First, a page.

There’s a great comic by The Awkward Yeti about this exact thing. Retail therapy isn’t just limited to buying things in a physical store, it works for online purchases as well. Once the excitement wears off, you begin to get the itch to have that feeling of having achieved something again.
The report also mentions, and discusses some reasons why gamers on average hold off on purchasing new games for about 21 days from launch, looking to rather pick it up in a bundle deal or a flash sale.
Since that’s a new trend, as the report notes, perhaps they’re ignoring the impact of online campaigns to not pre-order games, and just implying that gamers are stingy? The /r/PCMasterRace subreddit has had two years of daily campaigns with memes and official moderator announcements that pre-ordering digital games is bad for the industry. The largest active subreddit on Reddit probably had something to do with this.
Perhaps the delay-to-buy is also thanks to the abundance of people streaming games these days. If you want to pick up Battlefield 1, for example, but don’t know much about the game or how it plays, you can simply go to Twitch or Youtube and find someone playing it to inform yourself. Some people do this to learn more about a game’s multiplayer as well.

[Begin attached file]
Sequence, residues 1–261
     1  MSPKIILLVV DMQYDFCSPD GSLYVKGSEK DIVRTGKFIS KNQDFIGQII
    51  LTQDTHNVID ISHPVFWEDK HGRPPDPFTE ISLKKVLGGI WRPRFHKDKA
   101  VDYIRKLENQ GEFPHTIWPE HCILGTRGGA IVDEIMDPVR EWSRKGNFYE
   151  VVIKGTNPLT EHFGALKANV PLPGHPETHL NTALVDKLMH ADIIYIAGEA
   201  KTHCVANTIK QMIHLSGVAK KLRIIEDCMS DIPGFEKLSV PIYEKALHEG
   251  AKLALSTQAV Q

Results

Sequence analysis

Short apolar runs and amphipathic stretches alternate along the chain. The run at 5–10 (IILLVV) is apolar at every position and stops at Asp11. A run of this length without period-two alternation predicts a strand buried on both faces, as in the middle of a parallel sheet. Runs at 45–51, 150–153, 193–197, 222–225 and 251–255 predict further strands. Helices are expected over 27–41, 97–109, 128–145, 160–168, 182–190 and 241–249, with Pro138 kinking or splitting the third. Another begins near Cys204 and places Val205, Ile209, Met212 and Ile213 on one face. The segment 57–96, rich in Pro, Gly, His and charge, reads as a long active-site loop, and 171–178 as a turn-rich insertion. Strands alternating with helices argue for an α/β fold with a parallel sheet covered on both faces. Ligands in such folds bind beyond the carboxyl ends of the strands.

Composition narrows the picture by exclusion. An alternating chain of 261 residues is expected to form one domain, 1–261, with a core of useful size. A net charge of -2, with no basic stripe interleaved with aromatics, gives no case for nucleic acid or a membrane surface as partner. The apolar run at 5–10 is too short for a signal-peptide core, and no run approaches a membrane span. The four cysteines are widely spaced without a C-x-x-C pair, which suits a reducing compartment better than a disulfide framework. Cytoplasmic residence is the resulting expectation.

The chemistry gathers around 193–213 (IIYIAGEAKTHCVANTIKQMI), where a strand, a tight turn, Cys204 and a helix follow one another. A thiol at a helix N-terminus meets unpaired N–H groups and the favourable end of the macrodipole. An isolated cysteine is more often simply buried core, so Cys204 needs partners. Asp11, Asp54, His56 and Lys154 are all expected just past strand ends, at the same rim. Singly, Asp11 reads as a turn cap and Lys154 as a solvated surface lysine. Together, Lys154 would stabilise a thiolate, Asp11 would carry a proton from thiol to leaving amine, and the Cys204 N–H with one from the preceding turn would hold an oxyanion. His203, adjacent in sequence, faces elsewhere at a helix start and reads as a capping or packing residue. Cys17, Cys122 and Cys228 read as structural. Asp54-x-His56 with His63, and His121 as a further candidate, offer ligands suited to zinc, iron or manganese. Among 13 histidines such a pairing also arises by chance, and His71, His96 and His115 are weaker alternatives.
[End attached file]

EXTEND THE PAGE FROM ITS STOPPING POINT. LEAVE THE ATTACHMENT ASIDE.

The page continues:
To their credit, Digital River does strongly urge that publishers with storefronts or in-game microtransactions move to increase their security to protect their customers. Fraud is a big problem with online games these days, and it got so bad that Sony eventually relented and installed two-factor authentication schemes across their online accounts, all to combat the scourge of social engineering attacks to gain access to Final Fantasy Online and FIFA 2016 player accounts.
The study also encourages game publishers to invest in their own storefronts and sell their games directly to the consumer, instead of through a third party. It notes that publishers can combat lower prices in grey market websites by bundling their content together to create more value, and that they should sell Steam keys directly on their own website instead of the Steam Store itself.
If you have nothing else to do while you sip your coffee or tea for the next fifteen minutes, read through the study and think about what it’s saying and what it’s trying to say. It sounds encouraging when you start reading it, but it’s the opposite of that when you dive into it.